Gender, Second Generation Identities And Radicalization To Violent Extremism: Social Movements Studies In The Analysis Of Radicalization To Jihadism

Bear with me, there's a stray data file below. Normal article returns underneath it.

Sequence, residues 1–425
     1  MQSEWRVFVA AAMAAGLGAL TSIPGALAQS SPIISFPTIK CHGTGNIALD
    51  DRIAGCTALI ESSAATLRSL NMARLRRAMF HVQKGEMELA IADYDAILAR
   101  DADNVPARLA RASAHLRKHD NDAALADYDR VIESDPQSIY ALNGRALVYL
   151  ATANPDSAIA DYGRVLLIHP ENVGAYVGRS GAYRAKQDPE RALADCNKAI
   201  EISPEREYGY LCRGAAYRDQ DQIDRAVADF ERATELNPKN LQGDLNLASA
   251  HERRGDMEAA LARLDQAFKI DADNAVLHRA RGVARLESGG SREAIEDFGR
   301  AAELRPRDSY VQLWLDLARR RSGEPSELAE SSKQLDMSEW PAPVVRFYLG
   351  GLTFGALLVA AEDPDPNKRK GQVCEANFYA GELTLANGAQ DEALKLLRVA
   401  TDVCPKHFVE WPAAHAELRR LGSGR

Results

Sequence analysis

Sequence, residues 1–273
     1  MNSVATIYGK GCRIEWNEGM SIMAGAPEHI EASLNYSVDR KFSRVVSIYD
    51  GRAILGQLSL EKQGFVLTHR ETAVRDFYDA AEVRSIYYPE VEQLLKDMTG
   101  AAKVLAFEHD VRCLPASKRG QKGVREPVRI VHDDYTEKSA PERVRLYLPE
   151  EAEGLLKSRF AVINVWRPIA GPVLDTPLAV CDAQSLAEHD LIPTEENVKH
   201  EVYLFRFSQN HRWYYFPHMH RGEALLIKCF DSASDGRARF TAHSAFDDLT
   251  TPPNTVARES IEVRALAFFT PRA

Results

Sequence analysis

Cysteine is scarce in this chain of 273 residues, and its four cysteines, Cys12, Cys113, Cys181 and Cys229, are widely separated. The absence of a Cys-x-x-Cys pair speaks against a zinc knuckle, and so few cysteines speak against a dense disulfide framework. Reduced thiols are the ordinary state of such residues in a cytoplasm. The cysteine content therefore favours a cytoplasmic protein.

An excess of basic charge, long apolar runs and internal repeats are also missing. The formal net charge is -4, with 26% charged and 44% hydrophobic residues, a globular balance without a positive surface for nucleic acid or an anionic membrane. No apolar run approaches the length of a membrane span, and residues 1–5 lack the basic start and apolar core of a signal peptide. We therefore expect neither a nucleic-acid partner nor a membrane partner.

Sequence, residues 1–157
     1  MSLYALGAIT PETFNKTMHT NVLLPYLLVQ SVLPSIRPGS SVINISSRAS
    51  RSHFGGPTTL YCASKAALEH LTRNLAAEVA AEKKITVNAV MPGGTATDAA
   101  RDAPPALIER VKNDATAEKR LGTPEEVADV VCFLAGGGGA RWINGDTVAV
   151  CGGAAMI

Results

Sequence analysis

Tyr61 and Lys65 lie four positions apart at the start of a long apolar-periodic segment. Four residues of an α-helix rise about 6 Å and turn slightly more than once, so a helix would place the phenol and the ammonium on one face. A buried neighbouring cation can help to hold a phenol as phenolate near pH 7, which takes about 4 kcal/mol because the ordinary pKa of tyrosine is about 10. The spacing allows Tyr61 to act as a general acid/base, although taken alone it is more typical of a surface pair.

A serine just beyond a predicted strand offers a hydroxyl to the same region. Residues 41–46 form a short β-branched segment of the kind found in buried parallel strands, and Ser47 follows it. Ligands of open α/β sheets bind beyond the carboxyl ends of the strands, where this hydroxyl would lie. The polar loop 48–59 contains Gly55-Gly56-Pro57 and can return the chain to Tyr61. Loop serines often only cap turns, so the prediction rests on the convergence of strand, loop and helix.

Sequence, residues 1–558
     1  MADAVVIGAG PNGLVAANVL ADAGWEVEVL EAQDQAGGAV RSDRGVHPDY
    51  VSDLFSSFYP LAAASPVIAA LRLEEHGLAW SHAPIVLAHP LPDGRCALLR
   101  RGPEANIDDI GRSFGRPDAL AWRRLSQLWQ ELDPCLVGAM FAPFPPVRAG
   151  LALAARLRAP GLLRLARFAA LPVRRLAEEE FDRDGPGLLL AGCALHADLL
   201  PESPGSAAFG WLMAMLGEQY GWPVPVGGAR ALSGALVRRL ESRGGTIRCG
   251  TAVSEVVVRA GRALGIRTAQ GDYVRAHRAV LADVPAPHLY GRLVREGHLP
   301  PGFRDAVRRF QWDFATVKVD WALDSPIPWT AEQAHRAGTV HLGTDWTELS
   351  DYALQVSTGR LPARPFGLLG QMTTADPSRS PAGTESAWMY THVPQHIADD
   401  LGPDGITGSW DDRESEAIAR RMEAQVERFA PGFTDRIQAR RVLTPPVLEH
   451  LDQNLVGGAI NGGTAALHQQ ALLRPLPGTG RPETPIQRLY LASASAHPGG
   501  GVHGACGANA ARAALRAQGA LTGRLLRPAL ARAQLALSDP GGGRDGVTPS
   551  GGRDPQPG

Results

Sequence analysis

Among the 40.000 estimate foreign fighters who left their home countries to join ISIS, second generation Muslim women from the Western world compose an interesting yet under researched group. This dissertation aims at exploring the role of both social interactions, and gender, in processes of radicalization through the application of so-cial movements theories. A comprehensive framework including top-down social movements tasks performance, and peer interactions and group-based dynamics is proposed, in the attempt to bridge the research gap between social movements stud-ies and radicalization studies. The dissertation relies on third parties’ interviews with Hoda Muthana, a former US student who joined ISIS in late 2014, as well as on a rich database of her own social media posts. The findings indicate that second generation Muslims’ identity distress and socialization difficulties in the host countries lead to at-tempts to craft a new individual identity and socialization opportunities in the online realm. Online interactions provide individuals with strong collective identities, and at the same time offer several entry points for Jihadist recruiters and proselytizers. Gen-der has shown to be a significant component of such process, as it furthered griev-ances. The results illustrated align with previous research on social movements stud-ies and radicalization, proving that this approach offers fertile ground to move beyond compartmentalization and lack of interdisciplinarity in the field, offering a novel ap-proach that can inform policy making in a comprehensive way.